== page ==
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Scott, A. (2014). Editorial. Brit. J. Psychother., 30(3):283-285.

(2014). British Journal of Psychotherapy, 30(3):283-285


Ann Scott

The ‘mental pain of minorities’, in Salman Akhtar's words (Akhtar, 2014), was the theme of the opening paper in the last issue of the BJP. In the first paper in this issue, in our Clinical Practice strand, Christine Thornton and Alan Corbett examine the work of Immigrant Counselling and Psychotherapy, a clinic for Irish people in Britain run on psychoanalytic and group-analytic principles. With a focus on the interpenetration and interaction of different ‘axes of trauma’, and with sensitive attention to the many meanings of the word ‘home’ (including its fantasied dimension), their paper illustrates a number of the issues addressed in Akhtar's paper. The authors' presentation of the psychosocial dynamics of immigration is complemented by three case studies. ‘The “wrong word” or look from [the patient's] therapist’, to take one example, ‘can still cause the consulting room to become the hate-filled home he was placed into as a baby’. It is an imaginative account of painstaking work.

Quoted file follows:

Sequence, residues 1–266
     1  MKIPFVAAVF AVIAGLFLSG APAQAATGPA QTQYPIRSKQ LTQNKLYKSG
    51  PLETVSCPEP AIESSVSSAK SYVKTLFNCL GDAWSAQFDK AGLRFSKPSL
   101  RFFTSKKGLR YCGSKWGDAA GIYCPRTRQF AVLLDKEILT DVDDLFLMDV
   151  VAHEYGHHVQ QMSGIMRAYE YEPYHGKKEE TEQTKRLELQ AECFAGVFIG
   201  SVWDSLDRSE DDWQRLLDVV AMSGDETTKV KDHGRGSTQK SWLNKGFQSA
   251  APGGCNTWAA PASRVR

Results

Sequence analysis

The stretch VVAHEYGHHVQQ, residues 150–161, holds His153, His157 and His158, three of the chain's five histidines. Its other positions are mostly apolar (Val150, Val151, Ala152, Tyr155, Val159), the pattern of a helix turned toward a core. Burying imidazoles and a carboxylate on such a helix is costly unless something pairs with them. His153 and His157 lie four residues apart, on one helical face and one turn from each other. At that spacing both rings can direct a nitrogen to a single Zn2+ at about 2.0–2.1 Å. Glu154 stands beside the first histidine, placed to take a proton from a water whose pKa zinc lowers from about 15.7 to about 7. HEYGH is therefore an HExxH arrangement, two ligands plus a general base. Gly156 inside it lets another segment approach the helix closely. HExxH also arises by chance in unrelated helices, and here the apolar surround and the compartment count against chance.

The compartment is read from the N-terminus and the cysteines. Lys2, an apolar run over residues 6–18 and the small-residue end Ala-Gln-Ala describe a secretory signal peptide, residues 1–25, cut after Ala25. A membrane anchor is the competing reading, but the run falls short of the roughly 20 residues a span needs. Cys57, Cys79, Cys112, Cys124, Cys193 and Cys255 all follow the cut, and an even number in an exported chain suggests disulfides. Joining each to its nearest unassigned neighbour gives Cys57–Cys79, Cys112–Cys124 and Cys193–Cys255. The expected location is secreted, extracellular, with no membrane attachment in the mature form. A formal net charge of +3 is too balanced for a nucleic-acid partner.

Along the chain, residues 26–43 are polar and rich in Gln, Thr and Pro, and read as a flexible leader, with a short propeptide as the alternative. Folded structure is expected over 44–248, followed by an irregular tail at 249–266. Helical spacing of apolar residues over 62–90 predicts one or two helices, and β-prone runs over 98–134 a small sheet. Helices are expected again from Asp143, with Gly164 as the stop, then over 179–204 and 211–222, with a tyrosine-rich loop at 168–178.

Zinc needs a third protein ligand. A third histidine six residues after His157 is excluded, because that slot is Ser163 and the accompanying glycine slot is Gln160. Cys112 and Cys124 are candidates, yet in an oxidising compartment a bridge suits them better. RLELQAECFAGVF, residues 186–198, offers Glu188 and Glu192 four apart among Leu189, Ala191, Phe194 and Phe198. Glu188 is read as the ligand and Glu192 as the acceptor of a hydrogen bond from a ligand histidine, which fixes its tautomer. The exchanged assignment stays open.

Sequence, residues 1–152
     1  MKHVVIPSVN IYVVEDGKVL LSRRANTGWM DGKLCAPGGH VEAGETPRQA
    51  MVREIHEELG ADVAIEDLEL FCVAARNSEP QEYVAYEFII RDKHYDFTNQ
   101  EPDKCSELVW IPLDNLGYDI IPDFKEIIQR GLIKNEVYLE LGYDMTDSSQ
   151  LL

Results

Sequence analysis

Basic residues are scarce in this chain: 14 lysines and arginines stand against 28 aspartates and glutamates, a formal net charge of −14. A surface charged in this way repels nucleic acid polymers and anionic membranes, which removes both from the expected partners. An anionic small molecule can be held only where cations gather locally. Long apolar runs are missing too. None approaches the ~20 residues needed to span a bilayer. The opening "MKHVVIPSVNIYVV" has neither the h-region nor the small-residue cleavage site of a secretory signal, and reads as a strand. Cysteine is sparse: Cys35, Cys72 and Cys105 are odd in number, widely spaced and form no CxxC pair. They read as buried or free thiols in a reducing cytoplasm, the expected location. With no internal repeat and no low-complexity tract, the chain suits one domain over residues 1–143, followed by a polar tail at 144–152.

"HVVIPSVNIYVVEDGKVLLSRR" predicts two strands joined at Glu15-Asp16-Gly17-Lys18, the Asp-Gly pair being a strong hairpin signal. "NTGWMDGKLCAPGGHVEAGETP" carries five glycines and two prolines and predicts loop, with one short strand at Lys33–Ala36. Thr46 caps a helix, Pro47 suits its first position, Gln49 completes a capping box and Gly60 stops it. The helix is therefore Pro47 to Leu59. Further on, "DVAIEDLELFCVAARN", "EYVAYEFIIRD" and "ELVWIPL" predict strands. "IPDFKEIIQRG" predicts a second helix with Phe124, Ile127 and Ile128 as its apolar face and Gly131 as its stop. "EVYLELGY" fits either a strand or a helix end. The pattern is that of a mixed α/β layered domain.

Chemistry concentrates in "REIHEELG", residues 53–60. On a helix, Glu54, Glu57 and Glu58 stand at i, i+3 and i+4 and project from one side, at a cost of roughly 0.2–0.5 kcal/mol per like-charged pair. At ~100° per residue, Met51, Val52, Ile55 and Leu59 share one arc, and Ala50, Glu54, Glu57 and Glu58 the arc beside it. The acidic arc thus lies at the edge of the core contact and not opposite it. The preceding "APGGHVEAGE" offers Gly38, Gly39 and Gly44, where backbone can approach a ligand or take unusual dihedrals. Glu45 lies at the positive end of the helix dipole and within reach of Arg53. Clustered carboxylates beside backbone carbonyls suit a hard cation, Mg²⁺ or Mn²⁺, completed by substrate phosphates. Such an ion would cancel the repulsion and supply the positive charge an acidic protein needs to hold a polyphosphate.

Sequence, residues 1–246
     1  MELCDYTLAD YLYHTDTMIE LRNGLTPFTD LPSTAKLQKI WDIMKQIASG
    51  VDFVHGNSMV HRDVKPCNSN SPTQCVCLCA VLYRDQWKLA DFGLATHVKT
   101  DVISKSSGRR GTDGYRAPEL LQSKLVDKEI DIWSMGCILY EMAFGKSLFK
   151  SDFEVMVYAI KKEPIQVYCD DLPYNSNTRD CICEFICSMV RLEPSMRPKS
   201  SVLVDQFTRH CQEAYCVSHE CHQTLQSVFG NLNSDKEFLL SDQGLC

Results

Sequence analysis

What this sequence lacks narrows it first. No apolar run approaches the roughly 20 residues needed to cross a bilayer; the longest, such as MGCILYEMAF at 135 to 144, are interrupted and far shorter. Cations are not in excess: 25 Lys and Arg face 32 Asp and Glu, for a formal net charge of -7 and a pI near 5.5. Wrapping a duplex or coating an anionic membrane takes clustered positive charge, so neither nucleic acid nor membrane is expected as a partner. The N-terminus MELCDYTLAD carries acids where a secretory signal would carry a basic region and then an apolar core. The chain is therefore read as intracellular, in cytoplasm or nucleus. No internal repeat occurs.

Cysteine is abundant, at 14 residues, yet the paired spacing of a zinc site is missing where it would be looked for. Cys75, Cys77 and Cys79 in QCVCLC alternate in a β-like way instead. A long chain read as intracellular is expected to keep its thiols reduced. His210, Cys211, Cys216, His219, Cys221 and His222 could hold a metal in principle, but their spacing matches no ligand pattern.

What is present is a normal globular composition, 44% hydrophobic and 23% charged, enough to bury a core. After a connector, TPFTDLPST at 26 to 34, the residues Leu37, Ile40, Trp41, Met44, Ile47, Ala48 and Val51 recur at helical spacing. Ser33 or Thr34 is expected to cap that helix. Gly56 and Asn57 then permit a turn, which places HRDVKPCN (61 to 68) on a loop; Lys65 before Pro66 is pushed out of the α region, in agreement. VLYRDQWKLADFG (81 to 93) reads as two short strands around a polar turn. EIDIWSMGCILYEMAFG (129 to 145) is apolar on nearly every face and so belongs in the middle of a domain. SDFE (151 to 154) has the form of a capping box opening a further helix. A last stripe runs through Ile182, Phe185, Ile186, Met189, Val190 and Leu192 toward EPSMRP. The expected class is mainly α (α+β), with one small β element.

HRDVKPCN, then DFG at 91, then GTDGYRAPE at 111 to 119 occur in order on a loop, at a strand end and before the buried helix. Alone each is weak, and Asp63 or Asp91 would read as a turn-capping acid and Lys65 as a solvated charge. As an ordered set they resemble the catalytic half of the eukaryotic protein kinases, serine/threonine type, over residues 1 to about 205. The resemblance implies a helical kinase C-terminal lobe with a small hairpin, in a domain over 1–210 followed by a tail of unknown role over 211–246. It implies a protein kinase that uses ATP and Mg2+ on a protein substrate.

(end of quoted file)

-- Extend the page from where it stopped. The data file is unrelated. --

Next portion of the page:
With this issue of the Journal we complete the publication of seven papers from the ‘Essentially Ours…Specifically’ series. Anne Tyndale and Viqui Rosenberg consider the Independent Tradition; Michael Sinason and Joscelyn Richards explicate the principles of Internal Cohabitation, a more recent theoretical model. In a thoughtful account, Tyndale and Rosenberg see the Independent tradition as focused on ‘listening, to create an environment in which the patient can make his own self-discoveries’.

[This is a summary excerpt from the full text of the journal article. The full text of the document is available to journal subscribers on the publisher's website here.]

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